There's both a happy and a sad ending to this – it rests in the oxymoronic nature of it all. Those who put others first, the greater mission, are the happiest and the most rapidly promoted. Those who put themselves first are the least happy and the least promoted. Why? Half of the answer is easy and has already been explained. As a manager, you notice good things happening around your employees who invest in the culture. In the firm. For that matter, you also notice good things happening around those who invest in their careers, it's just that eventually you see it is still all about them – which puts the greater cause (the organization in this case) still at some risk.
There's a deeper psychology to it all, though, as well — and it involves the psychology of hope. Hope is simply our desires plus our expectations, and as humans we all have them. In fact, we uniquely have them. But our hopes are actually problematic at times (we still want them, of course), because many are unattainable. You hope for that magic moment the first time you fell in love, that time you ran your all-time fastest race, the best piece of poetry you ever wrote, etc. All of these hopes are hoping for an individual "it" in your life that you aren't going to acquire. So you will inevitably be disappointed. When you hope for something beyond yourself, however, there isn't an attachment to an "it" that anchors your self-identity. Rather, its very nature is beyond your self-identity. You are much more apt to be happy with the result and the pursuits of it. Which is why you see the happiest employees in that magical 10%. That is where you want to be, as you will be both more satisfied and more rapidly moving up in your organization. Just by thinking bigger than yourself.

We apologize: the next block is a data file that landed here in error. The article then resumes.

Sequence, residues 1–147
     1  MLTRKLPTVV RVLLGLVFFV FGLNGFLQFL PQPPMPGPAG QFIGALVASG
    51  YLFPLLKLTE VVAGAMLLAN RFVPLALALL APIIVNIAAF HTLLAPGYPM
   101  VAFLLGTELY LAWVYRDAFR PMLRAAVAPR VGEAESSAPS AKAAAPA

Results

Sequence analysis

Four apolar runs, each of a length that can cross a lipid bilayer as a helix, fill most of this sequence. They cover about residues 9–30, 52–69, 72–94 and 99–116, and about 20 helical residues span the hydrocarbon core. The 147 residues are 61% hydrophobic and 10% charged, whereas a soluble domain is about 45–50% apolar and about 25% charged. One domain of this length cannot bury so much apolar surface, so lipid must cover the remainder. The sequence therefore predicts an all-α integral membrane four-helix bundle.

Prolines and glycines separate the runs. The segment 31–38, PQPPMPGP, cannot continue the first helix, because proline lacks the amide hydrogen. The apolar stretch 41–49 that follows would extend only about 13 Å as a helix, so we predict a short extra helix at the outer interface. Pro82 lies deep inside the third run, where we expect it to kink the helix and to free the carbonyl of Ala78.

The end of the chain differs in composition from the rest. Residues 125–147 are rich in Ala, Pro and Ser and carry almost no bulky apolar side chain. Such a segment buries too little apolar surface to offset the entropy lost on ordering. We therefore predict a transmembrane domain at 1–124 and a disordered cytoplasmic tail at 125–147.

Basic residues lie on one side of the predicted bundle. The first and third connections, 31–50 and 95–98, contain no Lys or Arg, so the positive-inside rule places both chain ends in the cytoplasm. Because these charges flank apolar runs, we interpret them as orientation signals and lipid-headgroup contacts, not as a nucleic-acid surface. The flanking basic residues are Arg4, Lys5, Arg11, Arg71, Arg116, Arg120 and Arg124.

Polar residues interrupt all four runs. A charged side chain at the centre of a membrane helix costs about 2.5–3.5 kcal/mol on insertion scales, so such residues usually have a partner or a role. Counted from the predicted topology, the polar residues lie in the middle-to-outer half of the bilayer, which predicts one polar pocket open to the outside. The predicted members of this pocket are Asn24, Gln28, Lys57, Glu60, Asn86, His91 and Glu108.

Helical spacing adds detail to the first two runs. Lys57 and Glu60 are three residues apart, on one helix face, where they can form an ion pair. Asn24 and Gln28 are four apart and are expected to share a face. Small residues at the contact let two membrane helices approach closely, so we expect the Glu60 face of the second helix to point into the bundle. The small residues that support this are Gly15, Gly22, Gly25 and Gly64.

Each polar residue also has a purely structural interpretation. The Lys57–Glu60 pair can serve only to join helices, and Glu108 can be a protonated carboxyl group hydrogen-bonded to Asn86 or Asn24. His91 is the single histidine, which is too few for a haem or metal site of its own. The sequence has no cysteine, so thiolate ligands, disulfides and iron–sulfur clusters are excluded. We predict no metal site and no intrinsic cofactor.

It is that simple. No “top 10 lists," no need to make sure you wear collar stays with your Brooks Brothers shirt. Commit to the greater cause, and I promise you someone at the top will notice — because they are looking for it and don’t see these nearly as often as you might suspect. I wish you rapid success in your career!